For a lot of women, relaxing their hair is like cooking: they don’t think deeply about it, they just do it as they saw it done growing up. Imagine the number of middle-aged women putting a relaxer in their hair today. Now, imagine how many of them have never fully read the instructions.
If you want your hair to be healthier (and still keep it relaxed), it’s time to do a little better than that.
Relaxers: What You Need To Understand
We can start by understanding that there is nothing natural about using chemicals to straighten kinks into bouncy bristles. Relaxing your hair is a chemical process.
Your hair, like everyone else’s, has a certain amount of natural elasticity. This gives it the ability to stretch and to bounce back. This means after relaxing, when you have moved on to styling, you will be pulling and tugging on straight strands that are altered from their natural state and stripped of their nutrients.
In many cases, the process is conducted in a way that makes day-to-day contact with the hair too stressful and eventually it breaks. So, the best way to prevent post-relaxing breakage is to understand your hair and the product you’re using.
Relaxers are available in mild, regular, and super. There are different strengths for different hair needs. Realize that a super strength relaxer is not designed for those who want to merely improve their results.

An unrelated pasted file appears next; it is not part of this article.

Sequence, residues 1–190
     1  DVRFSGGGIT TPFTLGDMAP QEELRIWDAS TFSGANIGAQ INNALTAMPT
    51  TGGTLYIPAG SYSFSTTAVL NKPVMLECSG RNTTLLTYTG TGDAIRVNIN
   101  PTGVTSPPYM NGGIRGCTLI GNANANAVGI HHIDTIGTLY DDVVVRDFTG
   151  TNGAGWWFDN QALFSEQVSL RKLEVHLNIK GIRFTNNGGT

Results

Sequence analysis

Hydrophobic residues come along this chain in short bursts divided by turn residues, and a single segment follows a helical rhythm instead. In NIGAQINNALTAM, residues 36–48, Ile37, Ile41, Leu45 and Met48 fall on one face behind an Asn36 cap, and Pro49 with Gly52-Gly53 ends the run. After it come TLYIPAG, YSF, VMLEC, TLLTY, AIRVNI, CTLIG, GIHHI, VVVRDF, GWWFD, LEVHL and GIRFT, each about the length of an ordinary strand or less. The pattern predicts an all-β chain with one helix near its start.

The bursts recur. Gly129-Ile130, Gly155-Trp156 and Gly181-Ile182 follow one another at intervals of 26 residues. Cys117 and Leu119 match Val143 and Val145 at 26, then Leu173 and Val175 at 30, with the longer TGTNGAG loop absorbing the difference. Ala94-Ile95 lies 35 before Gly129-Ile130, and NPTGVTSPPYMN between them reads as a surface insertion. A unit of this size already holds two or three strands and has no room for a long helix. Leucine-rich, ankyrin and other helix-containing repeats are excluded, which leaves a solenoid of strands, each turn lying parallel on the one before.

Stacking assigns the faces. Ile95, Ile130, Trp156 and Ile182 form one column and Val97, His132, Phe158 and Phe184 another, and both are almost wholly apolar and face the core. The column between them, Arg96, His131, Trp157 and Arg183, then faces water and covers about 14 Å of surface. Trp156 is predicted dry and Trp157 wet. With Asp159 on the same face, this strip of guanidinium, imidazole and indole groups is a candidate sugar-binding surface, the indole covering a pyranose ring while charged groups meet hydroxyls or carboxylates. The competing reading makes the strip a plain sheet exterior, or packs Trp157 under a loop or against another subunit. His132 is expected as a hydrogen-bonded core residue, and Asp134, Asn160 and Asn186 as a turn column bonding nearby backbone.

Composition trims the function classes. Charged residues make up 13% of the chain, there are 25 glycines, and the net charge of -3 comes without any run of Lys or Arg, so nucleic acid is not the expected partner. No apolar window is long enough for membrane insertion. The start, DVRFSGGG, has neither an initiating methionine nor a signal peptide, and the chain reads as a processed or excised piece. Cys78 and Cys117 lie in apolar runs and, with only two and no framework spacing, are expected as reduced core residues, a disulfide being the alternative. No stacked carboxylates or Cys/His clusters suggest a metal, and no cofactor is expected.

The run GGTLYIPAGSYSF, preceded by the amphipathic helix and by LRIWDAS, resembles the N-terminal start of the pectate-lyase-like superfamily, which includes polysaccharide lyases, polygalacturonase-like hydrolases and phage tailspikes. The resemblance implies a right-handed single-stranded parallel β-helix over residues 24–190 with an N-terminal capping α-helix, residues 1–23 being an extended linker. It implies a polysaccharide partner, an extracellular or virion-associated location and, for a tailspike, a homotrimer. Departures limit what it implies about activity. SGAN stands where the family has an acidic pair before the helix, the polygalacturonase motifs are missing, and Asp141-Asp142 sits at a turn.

Each hair shaft, or strand of hair, consists of overlapping layers. When you apply a chemical, such as a relaxer, it causes those layers to rise so that the product can penetrate. A super strength relaxer is designed for a person with thick and coarse or resistant hair. When hair is resistant, stronger chemicals are needed to open the hair shaft.
Those whose natural hair is of average thickness and manageability should use a regular strength relaxer. Mild is for those with thin or fine hair that requires a minimal amount of chemicals.
When you apply a relaxer, the product should not be put near the scalp. The application should begin about a ½ inch above the